The program will concentrate on the basics of modelling, texturing, lighting and rendering by way of practical hands on experience, supported by a number of short presentations.
By the end of the 3 day program, delegates will have a solid foundation and be confident in basic 3D modelling, texturing and rendering enabling them to further develop areas of their own interest.
Who should attend?
This course is designed for people who would like to learn and understand the basic principles of 3d Modelling within 3D Studio Max.
The course is suitable for:-
- Complete beginners looking to become modellers;
- Self-taught modellers who wish to consolidate skills to industry standards;
- 3D modellers looking to expand into 3D Studio max from other programs.
- Professionals involved in working with 3D modellers;
- Professionals involved in the commissioning of 3D visualisation projects.
(Picture credit: David Trenholme, DDS student 2015-16)
The DDS, in collaboration with Birmingham Conservatoire’s Integra Lab, have completed work on their Transforming Transformation project – a new human-centred approach that allows musicians and sound designers to manipulate sound through a 3D virtual environment.
Funded by the Arts and Humanities Research Council, Transforming Transformation enables sound sources to be “touched”, “grabbed”, “dragged”, and “placed” within a 3D virtual environment. Through this system, a sound source’s real-world location corresponds to its spatial position within a virtual acoustic space that can be manipulated. In other words, if a sound designer wants a sound to appear to come from behind the listener, they just “pick it up” and “move it to the back” of the virtual space.
With the initial work on the project complete, the project team plans to continue to refine the virtual environment and address any key issues identified in the project, and we wish them continued success!
The DDS was given an opportunity to strut its stuff for Scotland’s biggest daily magazine show “Alive at Five” on STV, and show off some of our recent research work in 3D visualisation, haptic design, and medical/ historical digital recreation.
A key highlight of our recent work has been digitising and creating an interactive walkthrough of the GSA’s own Macintosh Building, which was badly damaged in a fire in 2014. This work is now being used to help inform and support the building’s restoration.
Watch it online here.
Ok, a little late with this one!
Last week, the BBC highlighted a 3D fly-through of the Mackintosh Building laser scan data that will be used to help with the building’s restoration and renovation. You can also catch a quick glimpse of the Visualisation lab at the DDS.
The last post reported on the DDS experience at this year’s Global Game Jam. Today we have stories from two of the students who took part…
Sophie is a student enrolled on the MSc Medical Visualisation & Human Anatomy
For me this was the first global game jam I’ve been to, so I completely had no expectations –it was even the first time I’ve heard of it And because I wanted to feel really nerdy for 48 hours, I talked to some of my student colleagues and four of us decided to participate. And although we had mixed feelings when we received the time schedule, we persuaded ourselves to show up on Friday
It turned out to be a lot of fun! We had quite a big group which meant: a lot of ideas, a lot of brainstorming, and a lot of jokes in between which freshened up our minds. But lots of people also meant a need for good management. Fortunately one of us, Daniel, kept it organized and called us to regular meetings inside our „Thinking Pad“ which basically was a green Little hut where all the inspirational discussion-magic happened 😀
Besides living the nerdy dream, I wanted to strengthen my coding skills, which I was able to do, because we had a programmer, Victor, on board who answered all of my annoying questions And since game does not just consist of coding, but as well of other very important tasks, I was able to watch all the team members contributing to our game with their special skill. So by watching and talking I got insight into the various areas such as game design, where Sandy was our group pioneer, and graphics, where our great designer Jen showed us some tricks in Illustrator. So these sleepless nights actually broadened my gaming horizon quite a lot!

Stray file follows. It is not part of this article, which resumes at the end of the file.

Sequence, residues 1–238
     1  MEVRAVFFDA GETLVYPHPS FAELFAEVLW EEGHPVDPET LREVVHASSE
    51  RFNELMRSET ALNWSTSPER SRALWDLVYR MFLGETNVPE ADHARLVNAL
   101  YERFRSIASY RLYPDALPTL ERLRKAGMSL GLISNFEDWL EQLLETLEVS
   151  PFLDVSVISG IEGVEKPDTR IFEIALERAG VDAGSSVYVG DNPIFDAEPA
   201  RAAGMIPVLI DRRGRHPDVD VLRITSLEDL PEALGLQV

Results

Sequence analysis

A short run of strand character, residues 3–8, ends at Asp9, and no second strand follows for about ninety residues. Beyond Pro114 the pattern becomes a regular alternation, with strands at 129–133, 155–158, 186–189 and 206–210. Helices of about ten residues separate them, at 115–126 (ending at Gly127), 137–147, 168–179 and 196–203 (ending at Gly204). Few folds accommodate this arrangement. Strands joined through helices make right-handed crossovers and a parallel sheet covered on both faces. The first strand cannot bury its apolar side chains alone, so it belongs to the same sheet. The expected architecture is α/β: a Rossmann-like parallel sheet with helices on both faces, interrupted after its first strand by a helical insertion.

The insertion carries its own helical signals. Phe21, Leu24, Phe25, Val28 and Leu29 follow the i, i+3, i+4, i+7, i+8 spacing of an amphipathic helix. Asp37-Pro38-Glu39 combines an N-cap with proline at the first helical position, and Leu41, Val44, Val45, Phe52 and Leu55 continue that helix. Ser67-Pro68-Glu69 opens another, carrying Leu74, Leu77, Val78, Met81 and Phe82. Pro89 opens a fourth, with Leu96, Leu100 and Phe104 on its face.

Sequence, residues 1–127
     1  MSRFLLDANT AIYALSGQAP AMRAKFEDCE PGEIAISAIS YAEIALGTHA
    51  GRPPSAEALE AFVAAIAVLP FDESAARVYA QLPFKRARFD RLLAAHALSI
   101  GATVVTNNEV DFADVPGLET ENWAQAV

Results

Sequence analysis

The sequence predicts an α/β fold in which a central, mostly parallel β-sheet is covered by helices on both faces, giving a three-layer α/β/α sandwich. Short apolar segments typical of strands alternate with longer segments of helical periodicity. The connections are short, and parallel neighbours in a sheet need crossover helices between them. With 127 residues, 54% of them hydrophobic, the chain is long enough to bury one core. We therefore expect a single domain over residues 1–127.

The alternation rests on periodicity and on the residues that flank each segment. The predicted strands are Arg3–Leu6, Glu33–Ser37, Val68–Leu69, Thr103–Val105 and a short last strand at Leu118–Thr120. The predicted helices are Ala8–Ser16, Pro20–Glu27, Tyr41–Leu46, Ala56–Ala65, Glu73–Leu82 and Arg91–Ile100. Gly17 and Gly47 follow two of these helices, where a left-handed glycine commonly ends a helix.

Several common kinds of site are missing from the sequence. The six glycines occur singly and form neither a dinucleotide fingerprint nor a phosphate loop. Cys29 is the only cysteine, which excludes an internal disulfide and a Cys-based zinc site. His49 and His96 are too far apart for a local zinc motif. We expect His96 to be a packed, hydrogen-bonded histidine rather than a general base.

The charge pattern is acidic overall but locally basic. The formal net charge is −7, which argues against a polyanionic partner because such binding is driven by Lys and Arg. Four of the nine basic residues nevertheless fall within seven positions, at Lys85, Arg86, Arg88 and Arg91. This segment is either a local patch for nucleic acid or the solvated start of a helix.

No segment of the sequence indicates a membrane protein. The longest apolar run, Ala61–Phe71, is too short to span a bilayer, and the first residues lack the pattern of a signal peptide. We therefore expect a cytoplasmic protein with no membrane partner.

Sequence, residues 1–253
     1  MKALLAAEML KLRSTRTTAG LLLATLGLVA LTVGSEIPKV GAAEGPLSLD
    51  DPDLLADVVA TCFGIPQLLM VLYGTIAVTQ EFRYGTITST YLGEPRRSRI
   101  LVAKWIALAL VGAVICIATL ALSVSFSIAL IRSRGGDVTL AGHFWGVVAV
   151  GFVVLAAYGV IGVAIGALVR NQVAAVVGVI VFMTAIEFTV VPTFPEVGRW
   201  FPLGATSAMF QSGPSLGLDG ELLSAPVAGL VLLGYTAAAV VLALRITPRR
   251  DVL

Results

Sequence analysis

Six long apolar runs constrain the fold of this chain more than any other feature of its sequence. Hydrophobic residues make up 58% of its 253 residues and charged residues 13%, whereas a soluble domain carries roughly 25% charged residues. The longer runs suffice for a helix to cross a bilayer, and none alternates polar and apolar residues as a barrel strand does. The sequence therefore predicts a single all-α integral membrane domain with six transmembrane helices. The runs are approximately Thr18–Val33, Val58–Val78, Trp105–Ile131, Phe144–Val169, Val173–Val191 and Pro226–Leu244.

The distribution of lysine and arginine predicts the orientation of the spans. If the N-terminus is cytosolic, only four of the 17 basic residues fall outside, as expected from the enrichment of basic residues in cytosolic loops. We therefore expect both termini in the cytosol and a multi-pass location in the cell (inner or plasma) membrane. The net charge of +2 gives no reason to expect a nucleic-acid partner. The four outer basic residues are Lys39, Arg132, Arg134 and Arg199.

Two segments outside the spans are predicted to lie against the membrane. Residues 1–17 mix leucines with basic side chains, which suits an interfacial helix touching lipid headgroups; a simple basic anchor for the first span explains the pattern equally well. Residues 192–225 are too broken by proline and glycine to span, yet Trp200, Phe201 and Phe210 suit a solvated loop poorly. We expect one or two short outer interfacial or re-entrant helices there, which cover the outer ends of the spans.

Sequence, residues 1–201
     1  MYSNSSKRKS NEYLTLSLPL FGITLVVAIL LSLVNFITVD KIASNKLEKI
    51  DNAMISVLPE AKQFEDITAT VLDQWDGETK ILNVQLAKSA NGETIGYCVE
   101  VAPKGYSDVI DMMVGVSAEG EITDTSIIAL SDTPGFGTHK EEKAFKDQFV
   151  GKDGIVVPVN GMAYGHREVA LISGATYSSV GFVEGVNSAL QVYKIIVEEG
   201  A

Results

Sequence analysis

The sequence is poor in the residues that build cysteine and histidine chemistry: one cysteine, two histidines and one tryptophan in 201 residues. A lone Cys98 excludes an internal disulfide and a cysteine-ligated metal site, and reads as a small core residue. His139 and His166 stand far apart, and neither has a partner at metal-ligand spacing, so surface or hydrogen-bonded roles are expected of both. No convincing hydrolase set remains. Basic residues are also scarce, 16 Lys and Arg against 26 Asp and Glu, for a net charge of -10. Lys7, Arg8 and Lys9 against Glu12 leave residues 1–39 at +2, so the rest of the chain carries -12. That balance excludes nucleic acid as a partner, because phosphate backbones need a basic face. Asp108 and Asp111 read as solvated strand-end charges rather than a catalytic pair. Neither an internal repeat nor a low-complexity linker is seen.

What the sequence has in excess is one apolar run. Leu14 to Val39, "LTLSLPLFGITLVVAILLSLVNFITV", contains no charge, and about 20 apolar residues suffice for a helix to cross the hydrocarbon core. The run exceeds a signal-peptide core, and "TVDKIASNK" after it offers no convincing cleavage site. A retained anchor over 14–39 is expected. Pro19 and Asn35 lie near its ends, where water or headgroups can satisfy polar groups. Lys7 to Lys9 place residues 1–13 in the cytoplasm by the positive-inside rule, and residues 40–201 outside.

Oh, one bad thing: the Internet was not working well at all on our side of the hall, but there was a good thing about this: People actually TALKED to each other And also in the middle of the night, when I wanted to lie down on the couch, someone else was lying there and we actually started TALKING. So the game jam is not only about sitting in front of a screen. No, people in our group actually got to know each other, and there were lots of possiblities to talk to people from other groups and I have to say, the community was really chilled and humble and nice.
When I came back home to my flatshare, the first thing I told my flatmates was: „I like nerds “ ..and they said: „Ok cool, Sophie, but how was the coding? „
Haha so yes, it is a lot about the project, but it is also about getting to know the people and the community and enjoying a weekend full of nerdiness and trying to get the most out of it.
I loved it! #greatexperience
Alim is enrolled on the MSc in Serious Games and Virtual Reality. His team’s game won ‘Best Gameplay’ from the Scottish Game Jam participants, plus public votes for best game at IGDA Scotland play parties in Edinburgh and Glasgow following the jam! More here.
Participating in the Global Game Jam for the first time, my main reason to participate in the Jam was to build up game making experience and push it to the limit. In the first day, Alex, Calum and me agreed to keep the team small, only three of us, and see if three Masters students of GSA’s Serious Games and Virtual Reality can take the challenge.
I was happy enough that our game was finally finished on Saturday night and readily playable, it turns out that the game surprised me more by making it to be awarded as Best Game Play.
Having said that, the best moment for me during the Jam was when Daniel’s daughter playtested our game by repeatedly playing level 1 of Curvish over and over again and she seemed to really enjoy it. Afterwards, I asked her about “how do you like the game so far?”, she replied “this is the most awesome game ever!” with sincere wide smile in her face. That moment made me feel good as the game at least gave one player a very joyful time.
After all, a game is just a box of happiness packed in many forms and being able to bring the happiness to player is a tremendous achievement.
In this TEDx talk, Dr. Paul Chapman, Deputy Director of the DDS, takes us on a journey describing how immersive systems, virtual reality, and computer graphics have progressed over the years. Paul also describes a ground-breaking international 3D scanning project and the creation of an immersive Battle of Bannockburn experience. This work is in collaboration with our colleagues at Historic Scotland.